Animal scientists are concerned with the study, rearing and management of domesticated animals. They use their expertise to assist in the growth and development of the agricultural industry.
They conduct research on livestock in their specific environment, and the products they produce such as meat, milk, eggs, fibres, leather, and a variety of products essential to man. This includes the development of new products and the processing and marketing of animal products. They study the effects of management practices, processing methods, feed or environmental conditions on the quality and quantity of animal products, such as eggs and milk. They also study the nutritional requirements of animals and the nutritive values of animal feed materials. They advise producers about improved products and techniques that could enhance their animal production efforts, and develop improved practices in feeding, housing, sanitation or parasite and disease control of animals.
Animal scientists advise on the production and presentation of animal products. They conduct research in the areas of animal selection, breeding, feeding, housing and disease control. Some control breeding practices to improve strains of animals. They determine the genetic composition of animal populations and heritability of traits, utilising the principles of genetics, crossbreeding animals with existing strains or cross strains to obtain new combinations of desirable characteristics.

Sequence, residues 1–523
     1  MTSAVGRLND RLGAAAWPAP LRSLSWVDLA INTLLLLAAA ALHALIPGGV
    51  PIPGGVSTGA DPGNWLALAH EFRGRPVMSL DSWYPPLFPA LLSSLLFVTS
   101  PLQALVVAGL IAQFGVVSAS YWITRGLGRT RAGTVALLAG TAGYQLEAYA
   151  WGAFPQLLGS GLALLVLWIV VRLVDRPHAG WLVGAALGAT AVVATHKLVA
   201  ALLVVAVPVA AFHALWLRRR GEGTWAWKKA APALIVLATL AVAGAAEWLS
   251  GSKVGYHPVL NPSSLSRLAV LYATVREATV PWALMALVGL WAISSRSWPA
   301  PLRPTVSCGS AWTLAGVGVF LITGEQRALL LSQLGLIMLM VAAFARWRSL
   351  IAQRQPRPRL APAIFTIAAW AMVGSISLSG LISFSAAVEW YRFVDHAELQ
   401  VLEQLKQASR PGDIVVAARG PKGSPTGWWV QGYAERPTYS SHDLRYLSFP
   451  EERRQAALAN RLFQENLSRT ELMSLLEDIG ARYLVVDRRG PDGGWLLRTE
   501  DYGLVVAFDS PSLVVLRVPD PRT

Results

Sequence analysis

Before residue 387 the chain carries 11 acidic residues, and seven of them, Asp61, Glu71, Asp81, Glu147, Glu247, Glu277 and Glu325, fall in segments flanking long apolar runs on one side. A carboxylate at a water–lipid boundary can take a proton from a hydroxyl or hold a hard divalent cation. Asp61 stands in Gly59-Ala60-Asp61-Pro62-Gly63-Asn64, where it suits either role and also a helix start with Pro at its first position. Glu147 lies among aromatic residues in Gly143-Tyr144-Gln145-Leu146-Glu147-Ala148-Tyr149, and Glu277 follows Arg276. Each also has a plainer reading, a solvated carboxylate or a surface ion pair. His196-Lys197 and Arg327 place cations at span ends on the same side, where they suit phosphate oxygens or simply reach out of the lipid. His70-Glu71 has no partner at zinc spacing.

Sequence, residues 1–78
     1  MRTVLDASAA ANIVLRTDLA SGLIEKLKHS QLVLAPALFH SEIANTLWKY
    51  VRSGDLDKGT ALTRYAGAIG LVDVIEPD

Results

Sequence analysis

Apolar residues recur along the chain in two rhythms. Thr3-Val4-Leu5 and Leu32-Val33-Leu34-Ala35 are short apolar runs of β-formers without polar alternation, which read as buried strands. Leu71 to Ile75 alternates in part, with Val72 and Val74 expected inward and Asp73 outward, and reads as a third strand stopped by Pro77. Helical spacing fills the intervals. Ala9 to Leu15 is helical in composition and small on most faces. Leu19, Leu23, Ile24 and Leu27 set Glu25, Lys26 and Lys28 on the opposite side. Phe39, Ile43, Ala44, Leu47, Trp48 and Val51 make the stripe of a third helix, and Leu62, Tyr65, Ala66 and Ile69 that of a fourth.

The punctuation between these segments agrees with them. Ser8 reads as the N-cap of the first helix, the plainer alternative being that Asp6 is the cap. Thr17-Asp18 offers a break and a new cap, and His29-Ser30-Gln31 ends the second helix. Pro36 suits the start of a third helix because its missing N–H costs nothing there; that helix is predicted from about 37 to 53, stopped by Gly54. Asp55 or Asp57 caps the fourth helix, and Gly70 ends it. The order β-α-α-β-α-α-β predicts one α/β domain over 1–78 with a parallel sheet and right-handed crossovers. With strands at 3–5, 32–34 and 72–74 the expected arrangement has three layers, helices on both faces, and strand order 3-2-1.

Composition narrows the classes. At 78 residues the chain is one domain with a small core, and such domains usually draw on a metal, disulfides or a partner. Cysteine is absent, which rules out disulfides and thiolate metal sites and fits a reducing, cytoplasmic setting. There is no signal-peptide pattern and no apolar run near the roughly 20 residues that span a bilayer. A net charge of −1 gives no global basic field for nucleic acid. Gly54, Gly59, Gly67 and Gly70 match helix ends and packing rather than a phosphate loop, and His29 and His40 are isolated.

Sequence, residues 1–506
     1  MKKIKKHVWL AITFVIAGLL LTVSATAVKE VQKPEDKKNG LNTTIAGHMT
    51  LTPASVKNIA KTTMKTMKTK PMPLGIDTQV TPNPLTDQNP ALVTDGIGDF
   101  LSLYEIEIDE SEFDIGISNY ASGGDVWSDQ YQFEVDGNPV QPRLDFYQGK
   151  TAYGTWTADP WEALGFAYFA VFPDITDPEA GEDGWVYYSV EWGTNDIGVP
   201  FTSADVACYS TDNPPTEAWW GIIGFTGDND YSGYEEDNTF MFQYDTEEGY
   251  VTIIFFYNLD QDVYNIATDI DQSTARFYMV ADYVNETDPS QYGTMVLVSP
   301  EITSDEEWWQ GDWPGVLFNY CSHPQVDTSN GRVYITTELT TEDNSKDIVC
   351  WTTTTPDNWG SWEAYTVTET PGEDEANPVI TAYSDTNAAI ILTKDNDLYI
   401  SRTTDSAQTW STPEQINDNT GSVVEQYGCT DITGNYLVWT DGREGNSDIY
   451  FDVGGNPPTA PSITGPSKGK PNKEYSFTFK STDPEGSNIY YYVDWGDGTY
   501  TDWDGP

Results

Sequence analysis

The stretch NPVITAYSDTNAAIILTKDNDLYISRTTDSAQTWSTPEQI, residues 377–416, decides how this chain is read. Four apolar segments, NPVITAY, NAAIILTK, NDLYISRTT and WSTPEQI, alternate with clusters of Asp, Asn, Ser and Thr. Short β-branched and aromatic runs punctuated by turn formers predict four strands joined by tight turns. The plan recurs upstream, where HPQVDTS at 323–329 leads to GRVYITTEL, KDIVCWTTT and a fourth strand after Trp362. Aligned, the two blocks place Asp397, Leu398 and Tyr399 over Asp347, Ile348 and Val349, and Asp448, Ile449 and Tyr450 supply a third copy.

Animal scientists make an important contribution in the following areas: assisting the agricultural industry to effectively utilise the natural resources in the country; vital research in the problems of breeding, feeding, housing and disease control; conserving and ensuring the rich biodiversity of animal species found in the country; keeping the country up-to-date with developments in biotechnology in order to remain globally competitive. They communicate their research findings to the scientific community, producers and the public.
The nature of the work varies from working directly with animals and research in laboratories, to travelling in order to consult various parties in the industry. Some animal scientists work in offices and lecture rooms of agricultural colleges and universities or in offices of control boards. Others spend time outdoors working with animals on agricultural experimental farms, company farms, or private research stations.
Areas of specialisation include animal nutrition, animal breeding, animal management and the quality control of meat. The nature of the work varies from working directly with animals to the fundamentals of molecular biotechnology in the laboratory.
Degree: A four-year BSc(Agric) degree can be obtained at the following universities in South Africa: Fort Hare, NWU, NMMU, UKZN, UL, UNISA, UP, US, UV, Agricultural Colleges
Diploma: CUT, CPUT, MUT, TUT
Qualified animal scientists register with the South African Council for Professional Animal Scientists.
The South African Society for Animal Science
P.O. Box 13884
Tel: (012) 420-6017